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If someone has previous yoga training as a student, he or she has fundamental knowledge to move forward. One intern may have 20 years of formal training and no confidence. A young athlete may have no formal study but be full of confidence. Personalities, knowledge, self-confidence and internal drive are factors in deciding to become a yoga instructor. Should a young aspirant wait forever because an old student never had the confidence to enter a yoga teacher training? I think not, but not every young aspirant has the common sense to be a yoga teacher. This creates a complex but delicate balance for all of us. Is it confusing? Yes, but without some internal fortitude you'll never be a yoga instructor.

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April 1, 2012 - 3:23 pm
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I think Yoga is an ongoing, life long learning process and everyone has their physical strengths and limitations. It can be overwhelming to think "well, I'm not good at this pose or I'm not good at this pose, how can I be a teacher?" ... but bottom line is you can only teach what you know. So You can teach beginners when you have the foundation and have knowledge of how to teach safely. As individual practice grows you can teach more advanced classes if that is your preference. The key is to know your area of expertise and honor that. The best Yoga teachers I have had made an impression on me not by teaching me postures or exercises, but more about life and taking "Yoga off the mat". I think its good to question "am I ready?" The only way to "become ready" is to start the learning process and develop a Yoga practice. Then we "finish" our course and realize we are "ready to keep learning" LOL 🙂 That is from my experience anyway...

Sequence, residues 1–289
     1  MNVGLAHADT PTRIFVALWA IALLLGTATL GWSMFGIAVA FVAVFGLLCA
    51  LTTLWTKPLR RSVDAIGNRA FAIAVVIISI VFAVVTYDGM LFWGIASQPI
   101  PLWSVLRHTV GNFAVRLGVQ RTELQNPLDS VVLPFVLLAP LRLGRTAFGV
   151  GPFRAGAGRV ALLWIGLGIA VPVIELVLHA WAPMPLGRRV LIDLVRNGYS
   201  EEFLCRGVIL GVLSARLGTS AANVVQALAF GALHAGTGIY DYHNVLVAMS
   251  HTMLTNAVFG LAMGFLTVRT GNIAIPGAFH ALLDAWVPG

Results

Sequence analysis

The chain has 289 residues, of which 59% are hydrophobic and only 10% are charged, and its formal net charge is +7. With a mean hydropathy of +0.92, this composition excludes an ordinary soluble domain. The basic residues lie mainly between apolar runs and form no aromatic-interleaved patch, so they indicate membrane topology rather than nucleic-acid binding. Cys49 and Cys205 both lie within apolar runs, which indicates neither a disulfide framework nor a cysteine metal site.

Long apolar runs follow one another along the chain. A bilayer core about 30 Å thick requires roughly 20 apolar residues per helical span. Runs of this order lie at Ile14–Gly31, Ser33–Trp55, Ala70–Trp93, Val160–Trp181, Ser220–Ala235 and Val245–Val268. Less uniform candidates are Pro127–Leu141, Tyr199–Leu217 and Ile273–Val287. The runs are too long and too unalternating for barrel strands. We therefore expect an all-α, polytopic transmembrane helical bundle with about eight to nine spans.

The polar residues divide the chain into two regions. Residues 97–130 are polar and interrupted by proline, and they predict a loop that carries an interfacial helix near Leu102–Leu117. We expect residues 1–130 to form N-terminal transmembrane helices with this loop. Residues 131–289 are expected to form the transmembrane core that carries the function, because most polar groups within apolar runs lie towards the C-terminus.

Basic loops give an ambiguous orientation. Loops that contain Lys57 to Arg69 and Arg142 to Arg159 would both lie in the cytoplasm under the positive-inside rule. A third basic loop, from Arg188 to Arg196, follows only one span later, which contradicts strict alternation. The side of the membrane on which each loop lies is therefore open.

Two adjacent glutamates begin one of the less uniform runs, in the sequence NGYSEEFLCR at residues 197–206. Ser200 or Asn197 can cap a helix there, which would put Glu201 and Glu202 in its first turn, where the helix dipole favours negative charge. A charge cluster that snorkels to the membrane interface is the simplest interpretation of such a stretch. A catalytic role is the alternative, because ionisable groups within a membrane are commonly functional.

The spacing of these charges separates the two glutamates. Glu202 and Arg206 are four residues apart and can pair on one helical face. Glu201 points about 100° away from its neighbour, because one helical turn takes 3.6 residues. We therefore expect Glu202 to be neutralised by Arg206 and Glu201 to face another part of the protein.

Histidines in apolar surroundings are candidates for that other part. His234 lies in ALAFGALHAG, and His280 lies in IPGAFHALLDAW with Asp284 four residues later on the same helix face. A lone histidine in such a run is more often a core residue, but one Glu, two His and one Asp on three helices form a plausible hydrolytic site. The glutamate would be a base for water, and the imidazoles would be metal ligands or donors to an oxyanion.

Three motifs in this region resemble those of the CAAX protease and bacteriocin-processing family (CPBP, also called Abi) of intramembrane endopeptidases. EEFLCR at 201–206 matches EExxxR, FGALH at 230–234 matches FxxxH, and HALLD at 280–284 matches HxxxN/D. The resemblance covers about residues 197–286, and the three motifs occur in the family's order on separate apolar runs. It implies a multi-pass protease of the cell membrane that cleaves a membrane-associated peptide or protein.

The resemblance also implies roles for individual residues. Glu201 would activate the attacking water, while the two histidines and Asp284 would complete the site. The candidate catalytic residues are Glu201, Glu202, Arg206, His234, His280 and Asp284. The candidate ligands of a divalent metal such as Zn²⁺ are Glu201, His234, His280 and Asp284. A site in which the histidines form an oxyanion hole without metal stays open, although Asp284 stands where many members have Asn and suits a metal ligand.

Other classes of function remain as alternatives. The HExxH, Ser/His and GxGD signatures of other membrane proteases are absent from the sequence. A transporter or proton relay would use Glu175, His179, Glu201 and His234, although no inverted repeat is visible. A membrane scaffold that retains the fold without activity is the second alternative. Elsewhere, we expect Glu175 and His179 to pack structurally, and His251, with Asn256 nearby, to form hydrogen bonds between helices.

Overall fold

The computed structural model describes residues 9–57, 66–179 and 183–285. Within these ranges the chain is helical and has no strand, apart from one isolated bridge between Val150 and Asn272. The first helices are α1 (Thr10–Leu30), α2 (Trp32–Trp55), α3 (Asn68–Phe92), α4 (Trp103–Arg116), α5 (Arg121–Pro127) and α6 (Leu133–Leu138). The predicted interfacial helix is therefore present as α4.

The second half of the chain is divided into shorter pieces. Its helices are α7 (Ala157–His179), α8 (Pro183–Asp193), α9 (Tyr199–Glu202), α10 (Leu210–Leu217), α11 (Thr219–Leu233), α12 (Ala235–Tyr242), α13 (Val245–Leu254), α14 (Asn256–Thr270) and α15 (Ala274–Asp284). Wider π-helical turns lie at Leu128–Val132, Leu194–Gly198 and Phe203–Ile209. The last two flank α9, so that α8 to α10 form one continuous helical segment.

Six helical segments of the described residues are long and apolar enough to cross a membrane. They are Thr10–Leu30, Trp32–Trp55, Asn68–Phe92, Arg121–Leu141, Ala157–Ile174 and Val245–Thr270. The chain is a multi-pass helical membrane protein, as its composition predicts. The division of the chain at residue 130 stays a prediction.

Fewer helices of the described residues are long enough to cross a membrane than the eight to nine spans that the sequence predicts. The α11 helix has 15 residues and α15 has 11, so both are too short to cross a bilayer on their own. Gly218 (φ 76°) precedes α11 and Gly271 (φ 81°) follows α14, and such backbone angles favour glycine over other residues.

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April 2, 2012 - 8:29 pm
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One yoga teacher course is a good start toward more courses down the road. The first course I attended in Oregon was good but I knew there was more to learn. As I kept teaching yoga, students asked for more services This made me study again, and again. Kerry said, "life long learning process." I totally agree.

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August 4, 2014 - 1:34 pm
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Love this thread. I can remember a student of 20 years who had no ability to communicate what he learned. At the same time, I have seen a student with six months experience be able to explain complicated details.